However, endoscopic facilitation of biliary drainage may be life saving in patients with acute suppurative cholangitis and biliary obstruction.17–23 However, patients with HCC have an increased risk of bleeding due to liver dysfunction, and a mortality of up to 50% for surgery and up to 22% for endoscopic sphincterotomy (EST) has been reported for patients with cirrhosis and coagulopathy.19–22 A potentially safer alternative to EST is endoscopic papillary balloon dilatation (EPBD) in which complications such as severe bleeding are rare, even in patients with advanced cirrhosis.24–27 Thus we adopted EPBD as the firstline treatment for extrahepatic biliary obstruction occurring in patients with HCC. In this article, we describe our results.

When treating patients with HCC and biliary obstruction who had undergone PTA, we began to recognise that biliary obstruction was frequently caused by biliary casts that were morphologically and histologically distinguishable from haemobilia, tumour thrombi, and common bile duct stones, and were similar to those reported as a complication of liver transplantation.28–33 This paper is the first description of biliary casts that occurred in the course of HCC treated by PTA.



A total of 1043 consecutive patients with HCC were admitted to Tokyo University Hospital from January 1995 to December 2002. They received 8807 sessions of PTA therapy (6322 PEIT, 467 percutaneous microwave coagulation therapy, and 2018 RFA).5–7 These 1043 patients consisted of 312 women and 731 men, with a mean age of 66.4 years (range 36–90 years). Eighty five per cent of the patients had cirrhosis, with a Child-Pugh classification of A in 67%, B in 31%, and C in 2% (table 1). The aetiology of liver disease was hepatitis B, hepatitis C, alcohol, and other causes in 11%, 82%, 3%, and 4%, respectively. The diagnosis of HCC was confirmed by percutaneous needle biopsy and histology in 898 of 1043 (86%) patients. The remaining 145 patients were diagnosed as having HCC based on abdominal ultrasonography (US), computed tomography (CT), magnetic resonance imaging, and/or hepatic arterial angiography, together with measurement of α-fetoprotein levels. Also, 538 patients (52%) were treated by transarterial embolisation (TAE) in addition to PTA. All patients treated with PTA were followed up until recurrence or another occurrence of HCC, with monthly clinical examinations and blood tests, and every three months by abdominal US and/or CT scan, primarily to survey for recurrence of HCC.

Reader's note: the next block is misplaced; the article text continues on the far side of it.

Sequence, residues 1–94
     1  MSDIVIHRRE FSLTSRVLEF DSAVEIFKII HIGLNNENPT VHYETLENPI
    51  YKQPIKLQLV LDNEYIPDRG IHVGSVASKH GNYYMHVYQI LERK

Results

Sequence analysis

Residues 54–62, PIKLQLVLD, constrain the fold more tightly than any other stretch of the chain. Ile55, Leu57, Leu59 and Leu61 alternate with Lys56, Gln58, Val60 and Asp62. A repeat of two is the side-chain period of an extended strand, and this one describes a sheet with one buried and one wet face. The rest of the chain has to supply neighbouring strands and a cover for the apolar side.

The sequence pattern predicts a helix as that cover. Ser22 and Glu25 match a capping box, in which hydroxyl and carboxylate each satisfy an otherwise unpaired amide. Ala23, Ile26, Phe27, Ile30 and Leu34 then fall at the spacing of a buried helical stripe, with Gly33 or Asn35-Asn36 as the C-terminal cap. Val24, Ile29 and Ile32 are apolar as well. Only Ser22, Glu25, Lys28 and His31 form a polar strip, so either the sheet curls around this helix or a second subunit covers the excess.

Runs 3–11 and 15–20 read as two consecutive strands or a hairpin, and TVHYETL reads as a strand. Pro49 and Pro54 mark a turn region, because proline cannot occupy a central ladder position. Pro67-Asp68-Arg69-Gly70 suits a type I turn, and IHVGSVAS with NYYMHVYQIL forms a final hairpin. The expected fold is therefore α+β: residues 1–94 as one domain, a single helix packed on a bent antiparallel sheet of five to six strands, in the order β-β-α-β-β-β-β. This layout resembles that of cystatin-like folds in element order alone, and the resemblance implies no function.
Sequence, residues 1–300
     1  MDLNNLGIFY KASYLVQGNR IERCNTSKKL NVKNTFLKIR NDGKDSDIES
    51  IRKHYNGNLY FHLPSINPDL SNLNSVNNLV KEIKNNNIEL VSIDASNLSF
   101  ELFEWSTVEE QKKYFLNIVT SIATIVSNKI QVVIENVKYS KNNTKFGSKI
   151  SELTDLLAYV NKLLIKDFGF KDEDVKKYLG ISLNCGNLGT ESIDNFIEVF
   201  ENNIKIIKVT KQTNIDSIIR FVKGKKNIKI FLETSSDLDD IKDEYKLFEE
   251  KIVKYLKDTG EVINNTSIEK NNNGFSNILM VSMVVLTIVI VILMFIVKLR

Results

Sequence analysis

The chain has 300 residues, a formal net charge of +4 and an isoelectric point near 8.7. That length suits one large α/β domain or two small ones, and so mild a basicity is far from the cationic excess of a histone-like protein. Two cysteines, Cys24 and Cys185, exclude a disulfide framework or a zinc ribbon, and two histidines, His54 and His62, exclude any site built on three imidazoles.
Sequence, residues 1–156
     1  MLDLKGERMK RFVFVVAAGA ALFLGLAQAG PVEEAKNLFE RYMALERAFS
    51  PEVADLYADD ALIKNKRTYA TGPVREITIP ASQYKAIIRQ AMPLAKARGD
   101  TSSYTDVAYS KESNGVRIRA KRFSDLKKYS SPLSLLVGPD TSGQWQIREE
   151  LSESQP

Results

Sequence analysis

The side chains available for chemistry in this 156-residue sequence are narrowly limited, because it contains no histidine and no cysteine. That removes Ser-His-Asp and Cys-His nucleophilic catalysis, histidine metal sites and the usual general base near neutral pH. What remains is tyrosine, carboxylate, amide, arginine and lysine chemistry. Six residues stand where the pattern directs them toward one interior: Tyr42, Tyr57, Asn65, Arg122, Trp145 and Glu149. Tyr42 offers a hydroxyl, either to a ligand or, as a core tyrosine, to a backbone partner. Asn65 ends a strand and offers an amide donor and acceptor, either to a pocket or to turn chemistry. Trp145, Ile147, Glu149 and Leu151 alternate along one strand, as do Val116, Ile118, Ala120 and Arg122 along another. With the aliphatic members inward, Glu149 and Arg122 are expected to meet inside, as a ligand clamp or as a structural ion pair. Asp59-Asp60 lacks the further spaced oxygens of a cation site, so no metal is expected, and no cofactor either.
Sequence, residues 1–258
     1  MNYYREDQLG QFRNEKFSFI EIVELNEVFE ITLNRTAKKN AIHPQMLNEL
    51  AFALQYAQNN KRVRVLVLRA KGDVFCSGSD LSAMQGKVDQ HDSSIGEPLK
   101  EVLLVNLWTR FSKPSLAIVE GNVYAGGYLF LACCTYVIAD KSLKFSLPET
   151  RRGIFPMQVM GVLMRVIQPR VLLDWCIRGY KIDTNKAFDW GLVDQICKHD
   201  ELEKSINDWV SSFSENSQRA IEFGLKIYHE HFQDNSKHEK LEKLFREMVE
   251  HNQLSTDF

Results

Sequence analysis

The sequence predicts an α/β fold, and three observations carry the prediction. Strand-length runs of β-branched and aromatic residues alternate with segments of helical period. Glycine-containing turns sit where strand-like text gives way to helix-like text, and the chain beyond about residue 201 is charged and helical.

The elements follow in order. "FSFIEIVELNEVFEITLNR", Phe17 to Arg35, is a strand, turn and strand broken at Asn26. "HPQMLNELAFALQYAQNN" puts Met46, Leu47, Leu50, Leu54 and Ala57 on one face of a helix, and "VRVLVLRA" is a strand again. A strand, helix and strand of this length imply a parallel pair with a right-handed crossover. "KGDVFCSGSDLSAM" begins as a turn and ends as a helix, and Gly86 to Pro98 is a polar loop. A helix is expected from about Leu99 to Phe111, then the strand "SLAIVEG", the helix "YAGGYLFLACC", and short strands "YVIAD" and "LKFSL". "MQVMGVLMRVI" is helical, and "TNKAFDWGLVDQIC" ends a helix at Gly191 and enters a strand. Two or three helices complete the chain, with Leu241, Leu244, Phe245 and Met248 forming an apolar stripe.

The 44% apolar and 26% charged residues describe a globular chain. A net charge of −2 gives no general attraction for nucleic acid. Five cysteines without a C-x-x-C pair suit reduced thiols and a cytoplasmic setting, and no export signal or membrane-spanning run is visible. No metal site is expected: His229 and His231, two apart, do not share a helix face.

Table 1

 Profile of all patients with hepatocellular carcinoma treated by percutaneous tumour ablation and that of patients with obstructive jaundice

Biliary obstruction, when and if it occurred, was diagnosed radiologically and patients were classified as having either extrahepatic biliary or hilar bile duct obstruction. Patients with extrahepatic biliary obstruction underwent endoscopic retrograde cholangiography (ERC) to evaluate the cause of obstruction, and plan for a subsequent EPBD, if indicated. Informed consent for both procedures was obtained from each patient. All patients, except two with extrahepatic bile duct obstruction, were treated by EPBD. EPBD was not used in two cases because one patient had a history of papilloplasty and the other had duodenal obstruction.

The causes of biliary obstruction were classified as: (1) casts, (2) stones, and (3) haemobilia, and the underlying clinical features, such as plasma biochemistry or complications, was determined (see table 2). Associated gallbladder abnormalities, including stones and “haemobilia sign”, suggesting bleeding into biliary duct trees,34 and the presence of strictures along the biliary tract, were recorded. The immediate results after EPBD are also described in table 2.

Table 2

 Cholangiographic and clinical variables among different categories of extrahepatic bile duct obstruction

Endoscopic treatment